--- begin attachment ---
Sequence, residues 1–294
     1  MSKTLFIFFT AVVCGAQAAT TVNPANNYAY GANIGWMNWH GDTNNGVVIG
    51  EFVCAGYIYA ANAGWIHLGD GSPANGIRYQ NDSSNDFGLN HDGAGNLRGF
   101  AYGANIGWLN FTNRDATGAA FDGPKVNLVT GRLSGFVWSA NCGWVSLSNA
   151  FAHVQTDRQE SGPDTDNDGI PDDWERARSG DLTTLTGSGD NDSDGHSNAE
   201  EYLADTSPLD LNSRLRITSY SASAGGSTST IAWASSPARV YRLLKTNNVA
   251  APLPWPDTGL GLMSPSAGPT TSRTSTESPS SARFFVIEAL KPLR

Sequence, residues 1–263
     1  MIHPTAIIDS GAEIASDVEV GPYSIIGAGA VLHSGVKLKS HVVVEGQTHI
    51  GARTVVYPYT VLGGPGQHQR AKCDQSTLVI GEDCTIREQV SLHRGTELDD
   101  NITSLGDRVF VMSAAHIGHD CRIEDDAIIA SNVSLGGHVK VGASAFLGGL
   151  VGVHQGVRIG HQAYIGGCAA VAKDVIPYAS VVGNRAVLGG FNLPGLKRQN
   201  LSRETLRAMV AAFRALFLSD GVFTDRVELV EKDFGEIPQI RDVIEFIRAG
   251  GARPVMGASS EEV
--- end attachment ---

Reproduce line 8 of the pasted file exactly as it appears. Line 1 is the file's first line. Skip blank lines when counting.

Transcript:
Sequence, residues 1–263